Adding analytics into your application makes it more relevant, helps reduce nuisance requests and makes your app invaluable to your users.
But if analytics are so valuable to applications, why doesn’t everyone do it?
First, adding analytics yourself is hard. You probably have amazing developers, but they probably don’t exclusively focus on analytics. So, they’ll rely on a host of open-source solutions that you’ll constantly be hoping continue to work together. Documentation of your custom in-house approach will be limited – so good luck if your developer ever leaves. And advanced capabilities such as self-service are simply not available on the open-source market.
Second, keeping up with the market is challenging. The analytics market is changing rapidly and keeping up with customer demand for new features will require teams of experts if you build yourself. Furthermore, if you don’t offer self-service you’ll be forced to add new features to your product constantly which will impact your roadmap, bloat your code and make positioning your solution difficult.
But there are companies out there that are creating applications with analytics at their core. And when you compare them to their competitors, you can really understand how the analytics and sharing capabilities are creating a stickier user experience.
Here are a few examples:
It engages the user quickly. The Google Flights site has a lot of map data, with overlaid data and pricing alongside links that rapidly get users into the mindset of planning a trip.
It keeps users engaged through analytics: Price tracking offers more analytics to limit the need to visit other sites.
It presents the data in different ways: Different data views present alternate ways to plan your travel.
It’s easy to understand: Simple charts readily demonstrate price changes over time further assisting your planning.
It brings others into the ecosystem: Google’s sharing features are devised to keep users coming back through link-backs but also to provide guerilla marketing by using users are brand ambassadors to spread the gospel of Google by sharing trip data with others.
Let’s compare this to another popular travel site, Expedia. By contrast, Expedia doesn’t use data effectively. It’s homepage doesn’t expose any data or invite the user to explore
Its search results do little to provide additional context or insight.
And the exposed data is limited and doesn’t show any future trends. Is the price for flights going to go back up in a few weeks? There aren’t a lot of analytics available to inform the user.
Google has come in with their newer solution and is taking market share from Expedia.
Google Analytics is an essential tool to monitor web traffic, web content and lead generation (among other things) for organizations around the world – and for good reason – Google continues to invest in improving its visualizations and analytical capabilities.
It offers self-service: Google Analytics’ customizable dashboard lets users create the views they need to succeed.
Its Google Data Studio also makes publishing dashboards easy while keeping everyone in the ecosystem.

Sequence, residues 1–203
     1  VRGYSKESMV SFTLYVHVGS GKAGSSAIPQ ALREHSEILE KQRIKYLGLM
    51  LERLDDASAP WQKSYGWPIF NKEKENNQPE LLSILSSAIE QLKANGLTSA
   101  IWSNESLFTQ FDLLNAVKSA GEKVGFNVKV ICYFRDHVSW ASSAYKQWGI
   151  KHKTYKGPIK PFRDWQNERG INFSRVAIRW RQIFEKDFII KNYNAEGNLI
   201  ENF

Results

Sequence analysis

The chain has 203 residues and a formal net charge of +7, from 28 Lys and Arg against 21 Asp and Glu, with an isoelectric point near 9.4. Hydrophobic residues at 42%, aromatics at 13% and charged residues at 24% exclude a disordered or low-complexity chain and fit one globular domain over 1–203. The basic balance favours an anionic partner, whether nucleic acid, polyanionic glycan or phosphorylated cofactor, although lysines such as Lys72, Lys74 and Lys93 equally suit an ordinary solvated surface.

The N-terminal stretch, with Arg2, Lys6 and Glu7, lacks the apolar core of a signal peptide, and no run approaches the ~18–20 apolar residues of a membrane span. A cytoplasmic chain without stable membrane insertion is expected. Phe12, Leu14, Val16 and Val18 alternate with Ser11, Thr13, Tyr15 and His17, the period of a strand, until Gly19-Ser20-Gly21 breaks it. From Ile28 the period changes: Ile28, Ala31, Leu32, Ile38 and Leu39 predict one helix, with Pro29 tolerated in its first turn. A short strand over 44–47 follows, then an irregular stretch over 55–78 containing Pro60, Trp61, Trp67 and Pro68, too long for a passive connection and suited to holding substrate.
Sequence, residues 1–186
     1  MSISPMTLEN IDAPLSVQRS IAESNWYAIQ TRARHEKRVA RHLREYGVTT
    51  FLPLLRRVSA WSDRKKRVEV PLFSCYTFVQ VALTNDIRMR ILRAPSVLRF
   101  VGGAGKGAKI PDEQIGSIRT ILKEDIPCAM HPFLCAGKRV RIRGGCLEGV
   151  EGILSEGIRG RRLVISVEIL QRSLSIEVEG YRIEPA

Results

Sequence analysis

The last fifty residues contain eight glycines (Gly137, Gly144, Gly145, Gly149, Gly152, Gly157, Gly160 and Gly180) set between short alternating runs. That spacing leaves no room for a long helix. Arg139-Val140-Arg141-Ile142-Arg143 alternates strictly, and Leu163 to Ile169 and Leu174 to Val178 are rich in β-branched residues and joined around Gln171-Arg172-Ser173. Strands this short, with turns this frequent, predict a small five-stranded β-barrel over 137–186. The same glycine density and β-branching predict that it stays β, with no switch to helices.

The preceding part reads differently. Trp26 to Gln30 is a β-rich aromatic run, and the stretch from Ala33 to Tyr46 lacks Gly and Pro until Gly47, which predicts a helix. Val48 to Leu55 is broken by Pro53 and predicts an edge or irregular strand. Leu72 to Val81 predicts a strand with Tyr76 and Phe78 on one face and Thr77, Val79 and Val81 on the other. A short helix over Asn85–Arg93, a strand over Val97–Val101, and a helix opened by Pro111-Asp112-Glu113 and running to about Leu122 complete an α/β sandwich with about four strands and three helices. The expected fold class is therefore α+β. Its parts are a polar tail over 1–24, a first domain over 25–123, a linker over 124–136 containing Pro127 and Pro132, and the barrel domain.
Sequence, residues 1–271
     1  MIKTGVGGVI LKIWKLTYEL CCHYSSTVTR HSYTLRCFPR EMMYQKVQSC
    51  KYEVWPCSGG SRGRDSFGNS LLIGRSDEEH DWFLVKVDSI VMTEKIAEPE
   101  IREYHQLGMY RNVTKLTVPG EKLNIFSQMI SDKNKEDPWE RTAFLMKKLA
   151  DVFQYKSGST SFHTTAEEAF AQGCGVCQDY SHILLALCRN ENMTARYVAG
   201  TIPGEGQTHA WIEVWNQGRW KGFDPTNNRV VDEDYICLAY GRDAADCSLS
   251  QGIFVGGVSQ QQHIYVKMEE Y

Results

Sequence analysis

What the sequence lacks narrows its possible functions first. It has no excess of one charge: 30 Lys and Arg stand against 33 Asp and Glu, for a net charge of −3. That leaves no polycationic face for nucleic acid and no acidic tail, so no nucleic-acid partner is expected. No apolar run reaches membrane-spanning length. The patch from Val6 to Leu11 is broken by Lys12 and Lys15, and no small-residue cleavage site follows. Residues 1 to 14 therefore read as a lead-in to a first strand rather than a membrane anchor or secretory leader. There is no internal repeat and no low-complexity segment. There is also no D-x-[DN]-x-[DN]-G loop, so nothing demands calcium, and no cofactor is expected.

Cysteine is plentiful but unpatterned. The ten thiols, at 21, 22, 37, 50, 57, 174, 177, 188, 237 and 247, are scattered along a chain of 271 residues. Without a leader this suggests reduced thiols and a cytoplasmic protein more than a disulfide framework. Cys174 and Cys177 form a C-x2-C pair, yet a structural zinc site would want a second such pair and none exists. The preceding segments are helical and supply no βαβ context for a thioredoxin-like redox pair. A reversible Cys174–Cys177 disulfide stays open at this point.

It has a modern look and feel: Modern visuals and an easy-to-use interface make data desirable to use and share.
By contrast, Marketo, which offers marketing automation software, has limited customization, restricts personalization and inhibits data analysis – all of which push users to export data to Excel.
An antiquated report builder makes creating analysis more difficult and harder to appreciate.
Integration with Salesforce is achieved through lists, limiting value, desire to share and ability to fully analyze.
Finally, let’s take a look at ADP. When analyzing financial information (especially your 401K investment), it’s pretty easy to get lost in the numbers, and not understand how your investments are doing. ADP offers a custom homepage where users can set up the KPIs most important to them.
Various products tailor the out-of-the-box experience to different roles and skills within an organization.
Modern visualizations and a clean interface make using ADP analytics engaging.
On the other hand, Paycom’s interface is just plain confusing. It’s hard to know where to find the information you are looking for, or to complete necessary tasks.
Moreover, the experience is not optimized for mobile – something that is pretty much standard for any application today.
There is a common and recurring theme you may see from the vendors we have highlighted: by providing quality analytics at the core of their experience, they have untold resources at their disposal. Smaller companies don’t have the luxury of spending hundreds of millions of dollars on development resources, which is why an analytics platform such as Logi makes sense.
It’s hard to expect that cobbling together open-source solutions, hoping customers don’t ever need to ask more questions beyond the dashboards provided, and trying to keep up with an ever-changing environment are long-term solutions. Solving this problem was core to our own product development at Logi. So, we created a platform that allows PMs and their application teams to drag and drop advanced modular components to create a compelling analytic feature at the core of their application. And we are constantly improving our platform – in fact we just updated our platform – so your customers will always have the most modern analytics powering their applications.
Analysts estimate 90% of analytics solutions for business users will be embedded in other core applications within the next five years. The longer you wait, the bigger advantage your competitors will have.